Alterations in Cerebral Blood Flow Immediately after Brief Periods of Stasis
In the 1960s, Ames and his coworkers (1–4), described an obstructive process in cerebral microvessels that followed periods of experimental stasis as short as 7 minutes. Called no-reflow, the phenomenon was of interest because it appeared within the time frame of the development of an irreversible ischemic brain injury. Subsequent study has led to the belief that the obstruction is caused mainly by sludging of erythrocytes and can be overcome by a blood pressure pulse of approximately 100 mmHg in the immediate postischemic period. Once flow is restarted, autoregulation, however, is lost so that the passive dependence of flow on pressure results in postischemic cerebral blood flows of more than twice preischemic levels when blood pressure is restored to the preischemic value (5).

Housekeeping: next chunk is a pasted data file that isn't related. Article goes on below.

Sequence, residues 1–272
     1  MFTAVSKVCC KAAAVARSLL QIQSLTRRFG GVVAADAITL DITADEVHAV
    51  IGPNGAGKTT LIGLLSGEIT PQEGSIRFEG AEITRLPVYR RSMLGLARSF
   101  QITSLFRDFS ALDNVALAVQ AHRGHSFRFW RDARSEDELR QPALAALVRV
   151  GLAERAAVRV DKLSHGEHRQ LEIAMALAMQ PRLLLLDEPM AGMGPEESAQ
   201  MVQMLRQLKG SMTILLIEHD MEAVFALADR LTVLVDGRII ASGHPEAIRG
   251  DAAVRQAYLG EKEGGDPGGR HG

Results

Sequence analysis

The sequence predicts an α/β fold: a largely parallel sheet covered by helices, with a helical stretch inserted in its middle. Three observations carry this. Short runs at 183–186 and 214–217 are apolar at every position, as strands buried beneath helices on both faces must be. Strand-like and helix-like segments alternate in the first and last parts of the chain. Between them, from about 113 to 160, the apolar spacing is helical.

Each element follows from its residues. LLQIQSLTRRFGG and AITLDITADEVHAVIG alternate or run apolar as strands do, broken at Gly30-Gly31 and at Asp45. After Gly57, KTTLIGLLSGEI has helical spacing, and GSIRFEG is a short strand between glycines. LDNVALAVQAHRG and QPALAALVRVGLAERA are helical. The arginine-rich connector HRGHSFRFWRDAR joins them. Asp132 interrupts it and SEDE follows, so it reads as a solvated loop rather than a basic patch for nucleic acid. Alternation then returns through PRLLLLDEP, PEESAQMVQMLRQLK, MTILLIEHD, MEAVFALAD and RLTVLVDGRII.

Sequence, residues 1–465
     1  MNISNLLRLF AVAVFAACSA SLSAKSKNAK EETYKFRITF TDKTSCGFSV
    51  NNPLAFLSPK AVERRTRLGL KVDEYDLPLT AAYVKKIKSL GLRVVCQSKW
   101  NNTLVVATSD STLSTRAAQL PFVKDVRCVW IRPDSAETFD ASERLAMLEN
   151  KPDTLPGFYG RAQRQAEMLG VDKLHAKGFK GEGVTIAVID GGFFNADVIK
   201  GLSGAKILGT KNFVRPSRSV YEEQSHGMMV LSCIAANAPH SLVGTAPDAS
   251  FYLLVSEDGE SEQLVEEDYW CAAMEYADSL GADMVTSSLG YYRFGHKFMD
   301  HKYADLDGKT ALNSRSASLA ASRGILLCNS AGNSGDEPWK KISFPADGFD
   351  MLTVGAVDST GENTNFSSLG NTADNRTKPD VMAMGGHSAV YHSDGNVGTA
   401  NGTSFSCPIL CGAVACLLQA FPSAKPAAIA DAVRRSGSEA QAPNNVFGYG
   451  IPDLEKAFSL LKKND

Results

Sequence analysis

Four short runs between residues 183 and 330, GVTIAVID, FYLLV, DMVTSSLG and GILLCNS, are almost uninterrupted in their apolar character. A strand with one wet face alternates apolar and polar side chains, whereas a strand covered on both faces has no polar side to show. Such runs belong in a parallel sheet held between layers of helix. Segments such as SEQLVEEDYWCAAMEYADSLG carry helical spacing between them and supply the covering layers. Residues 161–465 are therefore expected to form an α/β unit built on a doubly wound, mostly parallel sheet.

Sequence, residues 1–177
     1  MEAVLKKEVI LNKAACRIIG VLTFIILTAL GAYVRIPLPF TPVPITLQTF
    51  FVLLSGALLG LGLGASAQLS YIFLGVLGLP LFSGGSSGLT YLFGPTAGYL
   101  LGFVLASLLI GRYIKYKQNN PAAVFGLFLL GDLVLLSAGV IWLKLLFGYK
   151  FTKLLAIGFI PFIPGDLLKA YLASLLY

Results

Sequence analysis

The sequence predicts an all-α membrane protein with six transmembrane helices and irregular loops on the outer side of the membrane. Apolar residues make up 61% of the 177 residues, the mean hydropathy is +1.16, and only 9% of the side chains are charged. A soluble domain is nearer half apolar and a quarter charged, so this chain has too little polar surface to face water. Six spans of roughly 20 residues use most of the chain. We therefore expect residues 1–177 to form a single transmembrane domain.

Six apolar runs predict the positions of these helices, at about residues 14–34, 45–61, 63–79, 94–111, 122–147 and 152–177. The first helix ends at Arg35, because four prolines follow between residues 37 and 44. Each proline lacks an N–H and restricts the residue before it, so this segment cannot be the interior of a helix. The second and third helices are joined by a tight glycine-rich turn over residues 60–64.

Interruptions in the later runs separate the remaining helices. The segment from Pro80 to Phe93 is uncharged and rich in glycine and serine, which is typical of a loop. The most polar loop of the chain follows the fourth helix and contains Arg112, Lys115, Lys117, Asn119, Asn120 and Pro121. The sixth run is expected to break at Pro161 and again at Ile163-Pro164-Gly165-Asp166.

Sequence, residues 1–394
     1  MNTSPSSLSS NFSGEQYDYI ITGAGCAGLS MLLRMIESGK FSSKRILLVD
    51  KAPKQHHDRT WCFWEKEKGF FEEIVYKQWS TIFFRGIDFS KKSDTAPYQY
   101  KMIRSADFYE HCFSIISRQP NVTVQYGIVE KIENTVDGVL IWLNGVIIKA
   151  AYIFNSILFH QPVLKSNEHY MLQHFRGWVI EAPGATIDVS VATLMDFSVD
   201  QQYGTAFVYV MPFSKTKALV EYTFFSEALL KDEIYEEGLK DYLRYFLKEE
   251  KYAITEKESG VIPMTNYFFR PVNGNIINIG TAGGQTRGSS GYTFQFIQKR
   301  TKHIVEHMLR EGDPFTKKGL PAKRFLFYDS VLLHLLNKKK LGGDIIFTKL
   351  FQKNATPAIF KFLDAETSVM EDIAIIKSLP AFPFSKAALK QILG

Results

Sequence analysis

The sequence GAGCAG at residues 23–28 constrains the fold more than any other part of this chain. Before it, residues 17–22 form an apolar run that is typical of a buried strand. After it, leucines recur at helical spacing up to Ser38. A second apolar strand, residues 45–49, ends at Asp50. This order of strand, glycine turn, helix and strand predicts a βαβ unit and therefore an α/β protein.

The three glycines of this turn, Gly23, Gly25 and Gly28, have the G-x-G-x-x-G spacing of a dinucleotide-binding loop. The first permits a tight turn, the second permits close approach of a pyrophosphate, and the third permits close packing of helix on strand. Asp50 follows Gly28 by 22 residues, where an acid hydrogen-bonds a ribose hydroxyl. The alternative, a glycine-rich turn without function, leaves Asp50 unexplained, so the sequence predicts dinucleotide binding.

KeywordsCirculatory Arrest Infusion Pressure Carbon Infusion Cerebral Microvessels Blood Pressure Pulse
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